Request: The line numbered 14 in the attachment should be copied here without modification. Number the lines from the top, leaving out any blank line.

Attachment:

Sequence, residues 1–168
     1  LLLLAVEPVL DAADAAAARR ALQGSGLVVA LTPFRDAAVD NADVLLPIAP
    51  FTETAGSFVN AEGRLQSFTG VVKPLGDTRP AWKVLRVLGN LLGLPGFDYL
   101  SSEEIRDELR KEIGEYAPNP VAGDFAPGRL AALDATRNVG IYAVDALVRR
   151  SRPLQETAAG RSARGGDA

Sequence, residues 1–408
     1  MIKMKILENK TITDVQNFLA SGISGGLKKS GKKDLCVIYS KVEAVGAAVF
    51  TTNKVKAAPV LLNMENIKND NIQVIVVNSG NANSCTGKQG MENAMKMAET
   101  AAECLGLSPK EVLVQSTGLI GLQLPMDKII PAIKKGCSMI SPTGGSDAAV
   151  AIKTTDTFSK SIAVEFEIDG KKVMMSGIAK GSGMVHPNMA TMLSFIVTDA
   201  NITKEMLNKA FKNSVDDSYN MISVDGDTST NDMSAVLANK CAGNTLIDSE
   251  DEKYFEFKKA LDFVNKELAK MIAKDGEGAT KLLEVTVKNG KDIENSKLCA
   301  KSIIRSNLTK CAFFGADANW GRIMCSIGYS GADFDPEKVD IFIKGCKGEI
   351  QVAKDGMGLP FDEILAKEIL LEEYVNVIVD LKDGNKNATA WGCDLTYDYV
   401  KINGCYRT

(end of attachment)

   351  QVAKDGMGLP FDEILAKEIL LEEYVNVIVD LKDGNKNATA WGCDLTYDYV